Cartographer’s Story #17, by Moses Kamau Thiong’o
Each profession has its own spark of inspiration, known only to the initiated and transmitted from teacher to learner. Mine is no different, from a father to son, but in a different dimension. One vivid and moving evocation of my childhood is hard to forget, especially when it defines who I am today, in terms of my career.
Some occurrences in our lives are fortuitous but mine always seem well orchestrated. I can recount most things, good and bad, done to me or those that I did as if they happened yesterday. Now, when I was a junior primary school boy (class two, as we normally call it in Kenya), I had grown to be both ambitious and naughty as most boys are at that age, as they want to explore everything in their surroundings. One normal day after going back home from school, I found no one at home. My father was, and is still, a successful chicken farmer. With my urge to touch, know or maybe even taste everything, I explored and discovered that he had a dozen of eggs that he was planning to incubate the following day. With my young boy’s mind, I thought of having an egg feasting moment. I sprinted to the kitchen and lit the fire to fry two of the eggs. Two were never enough, I went for three eggs this time and fried them to eat. Little had I known the deeper meaning of a Swahili East African proverb, chovya chovya humaliza buyu la asali, translated to “dipping a finger to taste repeatedly finishes the honey calabash.” I realized the meaning of that proverb when there were only four eggs remaining. How could this be traced to my very defining moments of ever ending into the cartography world?
You can now guess how I was feeling after having that glorious egg feast. Not jubilant but very nervous of how my dad would trample me that evening. I had, and still have, a glorified and well-sealed relationship with my parents being my buttress. Shortly, daddy arrived home, and checked that his egg stock to be incubated the following day was intact. He was shocked. I can’t recount what happened, but I recall being disciplined to the right scale. Well, at least in my African setting, kids should be disciplined by loving parents when they bend.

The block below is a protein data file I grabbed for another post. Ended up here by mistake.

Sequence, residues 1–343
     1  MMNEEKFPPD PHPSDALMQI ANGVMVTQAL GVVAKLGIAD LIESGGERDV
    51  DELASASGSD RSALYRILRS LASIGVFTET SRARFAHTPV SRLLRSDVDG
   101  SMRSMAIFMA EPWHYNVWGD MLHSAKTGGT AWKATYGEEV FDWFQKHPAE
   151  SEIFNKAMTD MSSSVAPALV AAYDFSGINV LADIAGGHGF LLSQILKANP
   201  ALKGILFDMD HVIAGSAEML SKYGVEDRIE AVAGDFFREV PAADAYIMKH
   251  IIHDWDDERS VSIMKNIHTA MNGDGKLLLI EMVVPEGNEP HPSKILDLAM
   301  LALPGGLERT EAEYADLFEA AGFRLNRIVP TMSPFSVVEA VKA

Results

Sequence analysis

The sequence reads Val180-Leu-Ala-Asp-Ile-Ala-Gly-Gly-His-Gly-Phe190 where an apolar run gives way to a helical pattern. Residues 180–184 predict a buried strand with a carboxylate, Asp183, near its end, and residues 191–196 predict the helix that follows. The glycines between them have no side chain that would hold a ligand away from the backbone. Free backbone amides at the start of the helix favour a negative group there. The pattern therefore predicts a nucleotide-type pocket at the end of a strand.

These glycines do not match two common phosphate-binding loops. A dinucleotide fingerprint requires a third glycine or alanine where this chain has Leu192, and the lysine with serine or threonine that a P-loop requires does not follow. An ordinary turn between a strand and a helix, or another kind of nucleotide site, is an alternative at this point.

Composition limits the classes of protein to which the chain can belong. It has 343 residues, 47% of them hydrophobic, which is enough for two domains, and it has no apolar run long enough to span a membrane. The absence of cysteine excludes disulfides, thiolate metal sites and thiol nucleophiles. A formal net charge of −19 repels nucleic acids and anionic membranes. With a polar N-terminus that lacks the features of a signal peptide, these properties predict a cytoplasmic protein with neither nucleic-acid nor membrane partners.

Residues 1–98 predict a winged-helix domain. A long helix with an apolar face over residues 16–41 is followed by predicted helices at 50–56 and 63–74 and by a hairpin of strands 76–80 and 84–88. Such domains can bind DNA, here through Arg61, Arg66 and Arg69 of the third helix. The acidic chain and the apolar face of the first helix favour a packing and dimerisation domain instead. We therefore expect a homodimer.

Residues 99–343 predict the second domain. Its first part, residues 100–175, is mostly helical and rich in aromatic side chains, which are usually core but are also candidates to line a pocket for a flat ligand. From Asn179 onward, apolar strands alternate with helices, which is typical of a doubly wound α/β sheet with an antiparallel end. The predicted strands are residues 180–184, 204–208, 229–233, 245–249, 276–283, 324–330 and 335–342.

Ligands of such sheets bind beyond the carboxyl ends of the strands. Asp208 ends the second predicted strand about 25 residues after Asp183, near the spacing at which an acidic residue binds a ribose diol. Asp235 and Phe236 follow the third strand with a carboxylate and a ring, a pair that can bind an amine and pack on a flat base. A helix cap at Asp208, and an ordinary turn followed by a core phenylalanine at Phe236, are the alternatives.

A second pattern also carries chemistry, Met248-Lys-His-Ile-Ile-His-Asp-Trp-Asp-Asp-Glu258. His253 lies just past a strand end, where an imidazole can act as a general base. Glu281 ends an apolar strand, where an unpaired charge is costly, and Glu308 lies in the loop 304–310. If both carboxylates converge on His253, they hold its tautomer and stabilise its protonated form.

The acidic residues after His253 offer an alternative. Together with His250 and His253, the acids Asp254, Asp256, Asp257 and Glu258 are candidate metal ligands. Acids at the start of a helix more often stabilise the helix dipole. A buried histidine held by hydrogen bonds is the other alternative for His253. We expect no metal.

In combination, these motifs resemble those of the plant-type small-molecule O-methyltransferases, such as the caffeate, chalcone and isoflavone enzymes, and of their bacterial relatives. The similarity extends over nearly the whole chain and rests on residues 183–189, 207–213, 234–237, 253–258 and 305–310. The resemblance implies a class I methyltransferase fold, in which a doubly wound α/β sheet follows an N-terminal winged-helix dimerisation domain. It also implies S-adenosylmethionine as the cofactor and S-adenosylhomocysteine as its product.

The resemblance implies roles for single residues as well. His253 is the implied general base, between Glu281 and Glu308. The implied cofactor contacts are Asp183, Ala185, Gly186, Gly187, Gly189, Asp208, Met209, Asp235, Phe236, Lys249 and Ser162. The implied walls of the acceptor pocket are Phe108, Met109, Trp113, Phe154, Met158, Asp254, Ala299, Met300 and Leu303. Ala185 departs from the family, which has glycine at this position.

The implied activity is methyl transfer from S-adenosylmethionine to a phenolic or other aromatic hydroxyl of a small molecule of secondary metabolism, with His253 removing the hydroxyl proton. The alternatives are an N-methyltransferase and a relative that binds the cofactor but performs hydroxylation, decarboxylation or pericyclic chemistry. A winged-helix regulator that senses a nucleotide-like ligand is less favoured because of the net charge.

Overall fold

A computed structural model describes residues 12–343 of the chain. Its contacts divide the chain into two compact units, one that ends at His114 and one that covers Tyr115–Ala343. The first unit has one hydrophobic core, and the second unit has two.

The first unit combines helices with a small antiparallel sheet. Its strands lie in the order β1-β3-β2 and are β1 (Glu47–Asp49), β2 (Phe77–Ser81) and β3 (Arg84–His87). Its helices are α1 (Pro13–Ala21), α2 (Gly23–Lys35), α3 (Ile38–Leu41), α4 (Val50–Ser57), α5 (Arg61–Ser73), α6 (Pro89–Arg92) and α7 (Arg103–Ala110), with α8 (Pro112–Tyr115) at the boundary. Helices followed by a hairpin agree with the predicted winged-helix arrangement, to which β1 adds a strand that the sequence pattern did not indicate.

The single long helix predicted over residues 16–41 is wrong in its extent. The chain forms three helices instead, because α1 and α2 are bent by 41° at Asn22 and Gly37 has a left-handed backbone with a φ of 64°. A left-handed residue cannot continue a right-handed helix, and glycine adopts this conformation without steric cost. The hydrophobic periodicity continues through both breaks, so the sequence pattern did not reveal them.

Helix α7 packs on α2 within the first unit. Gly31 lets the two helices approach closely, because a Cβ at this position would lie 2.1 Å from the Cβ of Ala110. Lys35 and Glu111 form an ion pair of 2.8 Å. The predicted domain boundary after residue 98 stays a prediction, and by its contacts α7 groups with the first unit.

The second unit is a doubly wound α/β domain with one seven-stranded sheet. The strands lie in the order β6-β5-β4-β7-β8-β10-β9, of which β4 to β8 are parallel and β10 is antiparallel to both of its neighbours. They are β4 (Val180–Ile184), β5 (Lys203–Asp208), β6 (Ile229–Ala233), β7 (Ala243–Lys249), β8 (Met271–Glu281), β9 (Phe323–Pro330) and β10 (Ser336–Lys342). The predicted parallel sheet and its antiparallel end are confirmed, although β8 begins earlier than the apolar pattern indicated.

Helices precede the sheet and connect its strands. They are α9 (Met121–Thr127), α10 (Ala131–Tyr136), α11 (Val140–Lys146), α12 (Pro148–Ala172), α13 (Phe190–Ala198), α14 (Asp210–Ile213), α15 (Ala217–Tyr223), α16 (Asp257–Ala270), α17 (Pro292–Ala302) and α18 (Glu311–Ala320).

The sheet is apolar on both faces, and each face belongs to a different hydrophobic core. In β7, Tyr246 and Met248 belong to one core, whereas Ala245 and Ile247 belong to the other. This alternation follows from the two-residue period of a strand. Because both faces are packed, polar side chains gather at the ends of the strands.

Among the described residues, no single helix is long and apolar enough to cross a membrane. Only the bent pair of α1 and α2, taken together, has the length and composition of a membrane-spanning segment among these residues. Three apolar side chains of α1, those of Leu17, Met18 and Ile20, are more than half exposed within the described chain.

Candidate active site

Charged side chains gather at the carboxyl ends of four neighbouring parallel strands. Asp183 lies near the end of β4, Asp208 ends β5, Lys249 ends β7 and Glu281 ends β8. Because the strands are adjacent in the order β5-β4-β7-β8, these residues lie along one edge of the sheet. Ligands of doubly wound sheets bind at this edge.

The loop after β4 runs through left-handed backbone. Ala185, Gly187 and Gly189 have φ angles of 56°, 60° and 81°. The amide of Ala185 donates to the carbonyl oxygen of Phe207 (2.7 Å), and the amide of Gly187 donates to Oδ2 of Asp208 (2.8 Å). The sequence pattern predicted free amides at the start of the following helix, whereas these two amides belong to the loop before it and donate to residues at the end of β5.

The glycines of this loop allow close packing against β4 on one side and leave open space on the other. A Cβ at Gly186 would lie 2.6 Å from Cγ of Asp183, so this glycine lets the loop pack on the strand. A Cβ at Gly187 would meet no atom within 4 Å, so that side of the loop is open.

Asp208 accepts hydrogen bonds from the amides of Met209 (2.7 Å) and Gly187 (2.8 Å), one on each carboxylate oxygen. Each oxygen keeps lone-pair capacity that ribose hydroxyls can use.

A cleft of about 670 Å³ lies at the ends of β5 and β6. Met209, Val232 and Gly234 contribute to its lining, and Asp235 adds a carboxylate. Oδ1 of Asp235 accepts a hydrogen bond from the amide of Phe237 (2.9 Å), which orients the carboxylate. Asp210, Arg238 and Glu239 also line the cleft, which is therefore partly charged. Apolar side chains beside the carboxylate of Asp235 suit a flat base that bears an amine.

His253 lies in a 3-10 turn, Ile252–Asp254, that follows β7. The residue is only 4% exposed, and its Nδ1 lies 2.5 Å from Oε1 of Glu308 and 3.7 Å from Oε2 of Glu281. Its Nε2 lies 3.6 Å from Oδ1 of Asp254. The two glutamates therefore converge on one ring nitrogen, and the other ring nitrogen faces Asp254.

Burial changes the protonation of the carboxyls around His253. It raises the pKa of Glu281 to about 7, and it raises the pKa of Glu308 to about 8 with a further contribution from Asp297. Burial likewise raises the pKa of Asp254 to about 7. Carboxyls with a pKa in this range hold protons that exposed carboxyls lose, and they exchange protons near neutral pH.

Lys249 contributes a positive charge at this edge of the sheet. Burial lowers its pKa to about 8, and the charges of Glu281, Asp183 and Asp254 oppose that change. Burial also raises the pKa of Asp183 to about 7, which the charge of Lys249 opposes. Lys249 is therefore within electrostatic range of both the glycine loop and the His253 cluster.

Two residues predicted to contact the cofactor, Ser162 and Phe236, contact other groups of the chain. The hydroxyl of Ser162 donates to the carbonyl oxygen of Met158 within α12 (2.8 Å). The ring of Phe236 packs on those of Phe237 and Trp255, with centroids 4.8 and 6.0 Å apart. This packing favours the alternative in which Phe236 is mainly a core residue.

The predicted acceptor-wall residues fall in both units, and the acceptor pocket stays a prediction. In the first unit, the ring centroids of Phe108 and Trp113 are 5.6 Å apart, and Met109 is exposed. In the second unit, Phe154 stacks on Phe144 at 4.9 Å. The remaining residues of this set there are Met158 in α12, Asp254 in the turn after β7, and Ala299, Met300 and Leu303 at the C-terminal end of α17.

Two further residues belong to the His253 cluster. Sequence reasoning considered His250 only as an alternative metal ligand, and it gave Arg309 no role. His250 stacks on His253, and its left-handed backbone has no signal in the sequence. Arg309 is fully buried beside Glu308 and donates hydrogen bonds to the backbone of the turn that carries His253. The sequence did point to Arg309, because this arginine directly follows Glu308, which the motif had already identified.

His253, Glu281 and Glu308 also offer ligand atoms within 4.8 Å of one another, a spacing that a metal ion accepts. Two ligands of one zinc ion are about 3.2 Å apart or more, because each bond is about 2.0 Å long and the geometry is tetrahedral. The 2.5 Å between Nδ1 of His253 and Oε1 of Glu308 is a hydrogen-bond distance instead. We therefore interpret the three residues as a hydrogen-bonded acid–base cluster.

After being ‘attended’ to by my father, I dashed out of our house and laid down in the fresh soils. With a stick in my hand, I started drawing on the soil. This was a subtle approach to test if I could cool down my displeasure of the discipline, as well as to make my dad ‘forget’ what I had done. My approach returned in triumph. I was drawing a ‘Kenyan map’, though I had no idea how it looked like at my age. I called dad to see it; he applauded me and I smiled. He went back to the house and on a piece of paper he drew me a new Kenyan map. He encouraged me and said that one day I will be drawing maps of the world. As a young boy, this was just a statement like any other and I did not apply any weight to it. After all, my dad seemed to have forgotten about the eggs. Sweet, right?
It was not until 2015 when I joined the Kenyatta University campus that I came to know of something of GIS from Professor Simon Onywere. I played in the cartographically scented environment of maps. The course was Environmental Planning and Management. It’s in this course that I was able to interact with this fascinating field of cartography. I have been winning many awards, and in 2018 I won the Esri Young Scholar award to represent East Africa in San Diego during the Esri user conference. I had the privilege to present my project on mapping the spreading pattern of a pest which had caused chaos to farmers by destroying their crops.
Anyway, this is a long story that leads to another. It has been a process even to become a part of this field. On 11th December 2019, I graduated with a Master in Geographic Information Science from the University of Redlands and felt even more free to do what that higher learning degree allows me to do.
I keep learning each day.
Moses Kamau Thiong’o
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